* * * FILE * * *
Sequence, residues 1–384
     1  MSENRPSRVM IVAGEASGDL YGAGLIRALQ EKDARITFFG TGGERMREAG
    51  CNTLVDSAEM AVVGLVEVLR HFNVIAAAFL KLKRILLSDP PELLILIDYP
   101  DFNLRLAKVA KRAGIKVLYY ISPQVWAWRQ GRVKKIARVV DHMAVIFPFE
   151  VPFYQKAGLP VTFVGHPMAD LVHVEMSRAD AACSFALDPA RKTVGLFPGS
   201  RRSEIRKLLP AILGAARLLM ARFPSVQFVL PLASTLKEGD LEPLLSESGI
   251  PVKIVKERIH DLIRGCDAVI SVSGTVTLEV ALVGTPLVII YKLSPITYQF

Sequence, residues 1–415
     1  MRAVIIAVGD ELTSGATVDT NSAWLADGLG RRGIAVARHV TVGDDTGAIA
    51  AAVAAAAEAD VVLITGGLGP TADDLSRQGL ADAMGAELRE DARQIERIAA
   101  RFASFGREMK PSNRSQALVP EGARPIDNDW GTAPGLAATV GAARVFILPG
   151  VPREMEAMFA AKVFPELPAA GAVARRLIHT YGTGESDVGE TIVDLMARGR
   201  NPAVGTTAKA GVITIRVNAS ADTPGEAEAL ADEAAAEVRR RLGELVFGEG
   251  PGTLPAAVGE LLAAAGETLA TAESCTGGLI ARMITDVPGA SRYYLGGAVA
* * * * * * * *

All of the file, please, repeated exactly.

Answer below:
Sequence, residues 1–384
     1  MSENRPSRVM IVAGEASGDL YGAGLIRALQ EKDARITFFG TGGERMREAG
    51  CNTLVDSAEM AVVGLVEVLR HFNVIAAAFL KLKRILLSDP PELLILIDYP
   101  DFNLRLAKVA KRAGIKVLYY ISPQVWAWRQ GRVKKIARVV DHMAVIFPFE
   151  VPFYQKAGLP VTFVGHPMAD LVHVEMSRAD AACSFALDPA RKTVGLFPGS
   201  RRSEIRKLLP AILGAARLLM ARFPSVQFVL PLASTLKEGD LEPLLSESGI
   251  PVKIVKERIH DLIRGCDAVI SVSGTVTLEV ALVGTPLVII YKLSPITYQF

Sequence, residues 1–415
     1  MRAVIIAVGD ELTSGATVDT NSAWLADGLG RRGIAVARHV TVGDDTGAIA
    51  AAVAAAAEAD VVLITGGLGP TADDLSRQGL ADAMGAELRE DARQIERIAA
   101  RFASFGREMK PSNRSQALVP EGARPIDNDW GTAPGLAATV GAARVFILPG
   151  VPREMEAMFA AKVFPELPAA GAVARRLIHT YGTGESDVGE TIVDLMARGR
   201  NPAVGTTAKA GVITIRVNAS ADTPGEAEAL ADEAAAEVRR RLGELVFGEG
   251  PGTLPAAVGE LLAAAGETLA TAESCTGGLI ARMITDVPGA SRYYLGGAVA